Rural development is defined as ‘improving living standards of the mass of low-income population residing in rural areas and making the process of their development self-sustaining’. It embraces all those programmes that touch all levels of human living, e.g.., agriculture and related matters, irrigation, communication, education, health, supplementary employment, housing, training and social welfare. (William R. Lassey, 1977). The initial strategy for agricultural and rural development in India focused attention on institutional reforms like the abolition of Zamindari and Jagirdari systems of land tenure. The emphasis in the strategy of rural development was on an area approach. According to the NCAER survey, the incidence of poverty was 52 per cent for the landless as a whole, 68 per cent for landless wage-earners, 50 and 51 per cent for the roughly 206 million members of scheduled castes and tribes, respectively, 45 per cent for households in which all members were illiterates compared to 27 per cent for households where both male and female adult read and write. Source: Dreze and Srinivasan (1996).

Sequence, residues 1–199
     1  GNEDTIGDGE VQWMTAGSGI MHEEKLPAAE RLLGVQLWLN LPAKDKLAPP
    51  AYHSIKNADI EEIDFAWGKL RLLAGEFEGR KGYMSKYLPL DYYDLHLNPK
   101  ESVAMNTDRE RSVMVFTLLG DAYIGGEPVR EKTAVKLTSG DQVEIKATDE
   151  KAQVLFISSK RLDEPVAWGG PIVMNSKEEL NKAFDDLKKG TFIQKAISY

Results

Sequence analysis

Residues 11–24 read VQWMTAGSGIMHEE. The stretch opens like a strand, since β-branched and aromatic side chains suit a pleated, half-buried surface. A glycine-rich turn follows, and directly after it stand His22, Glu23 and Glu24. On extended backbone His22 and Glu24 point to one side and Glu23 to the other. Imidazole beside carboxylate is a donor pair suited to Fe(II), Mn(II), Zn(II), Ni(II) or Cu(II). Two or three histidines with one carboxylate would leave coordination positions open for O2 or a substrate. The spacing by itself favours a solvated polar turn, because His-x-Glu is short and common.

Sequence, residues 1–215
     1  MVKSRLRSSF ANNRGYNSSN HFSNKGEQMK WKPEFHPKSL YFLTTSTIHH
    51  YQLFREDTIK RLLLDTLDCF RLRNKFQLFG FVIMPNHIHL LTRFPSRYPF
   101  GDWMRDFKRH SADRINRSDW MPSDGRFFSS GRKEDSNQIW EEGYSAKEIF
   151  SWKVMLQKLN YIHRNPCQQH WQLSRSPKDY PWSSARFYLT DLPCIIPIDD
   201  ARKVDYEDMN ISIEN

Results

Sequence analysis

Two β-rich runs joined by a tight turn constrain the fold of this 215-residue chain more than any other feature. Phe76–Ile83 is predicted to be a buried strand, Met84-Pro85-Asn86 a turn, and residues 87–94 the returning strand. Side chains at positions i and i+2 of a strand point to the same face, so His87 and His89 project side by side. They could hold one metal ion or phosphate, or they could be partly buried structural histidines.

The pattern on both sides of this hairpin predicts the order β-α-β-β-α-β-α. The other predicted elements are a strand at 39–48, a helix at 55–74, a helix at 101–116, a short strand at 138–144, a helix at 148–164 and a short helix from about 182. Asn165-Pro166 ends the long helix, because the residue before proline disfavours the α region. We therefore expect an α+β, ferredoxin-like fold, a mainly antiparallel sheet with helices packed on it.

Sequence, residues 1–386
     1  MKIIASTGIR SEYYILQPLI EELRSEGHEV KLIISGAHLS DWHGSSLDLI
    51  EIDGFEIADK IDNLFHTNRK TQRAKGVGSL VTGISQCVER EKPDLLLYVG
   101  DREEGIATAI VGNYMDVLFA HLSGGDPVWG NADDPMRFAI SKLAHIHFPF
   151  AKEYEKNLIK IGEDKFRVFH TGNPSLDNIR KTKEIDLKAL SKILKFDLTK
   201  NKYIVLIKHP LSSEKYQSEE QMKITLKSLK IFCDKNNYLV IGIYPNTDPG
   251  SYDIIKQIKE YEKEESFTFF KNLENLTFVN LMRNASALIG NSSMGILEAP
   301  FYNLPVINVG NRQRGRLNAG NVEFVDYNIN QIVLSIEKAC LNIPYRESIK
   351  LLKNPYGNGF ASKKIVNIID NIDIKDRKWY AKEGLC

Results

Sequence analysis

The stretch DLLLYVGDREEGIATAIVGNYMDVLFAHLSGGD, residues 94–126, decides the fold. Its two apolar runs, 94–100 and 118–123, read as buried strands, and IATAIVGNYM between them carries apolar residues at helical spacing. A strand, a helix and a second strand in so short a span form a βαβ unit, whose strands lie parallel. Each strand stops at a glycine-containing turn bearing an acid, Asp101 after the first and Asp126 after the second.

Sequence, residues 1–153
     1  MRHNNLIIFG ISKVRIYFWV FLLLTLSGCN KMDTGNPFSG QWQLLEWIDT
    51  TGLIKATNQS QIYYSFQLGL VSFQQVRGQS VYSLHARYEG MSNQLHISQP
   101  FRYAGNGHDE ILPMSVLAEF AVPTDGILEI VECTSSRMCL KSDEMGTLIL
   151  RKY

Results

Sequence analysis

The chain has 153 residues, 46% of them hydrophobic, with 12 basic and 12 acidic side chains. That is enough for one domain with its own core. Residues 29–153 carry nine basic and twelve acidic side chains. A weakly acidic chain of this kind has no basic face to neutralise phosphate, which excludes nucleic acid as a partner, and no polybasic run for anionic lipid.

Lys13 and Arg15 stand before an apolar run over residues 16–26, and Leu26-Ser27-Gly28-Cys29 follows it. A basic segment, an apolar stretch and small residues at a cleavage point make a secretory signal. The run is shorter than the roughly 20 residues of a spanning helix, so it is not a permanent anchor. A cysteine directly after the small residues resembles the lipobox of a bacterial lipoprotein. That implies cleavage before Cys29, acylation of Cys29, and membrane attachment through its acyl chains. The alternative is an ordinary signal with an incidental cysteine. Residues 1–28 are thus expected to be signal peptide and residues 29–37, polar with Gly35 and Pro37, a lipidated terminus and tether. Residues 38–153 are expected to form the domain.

Cite this article:
R. Radha. Emerging Trends in Rural Development and Marketing. Int. J. of Advances in Nur. Management. 2019; 7(1):20-22. doi: 10.5958/2454-2652.2019.00005.2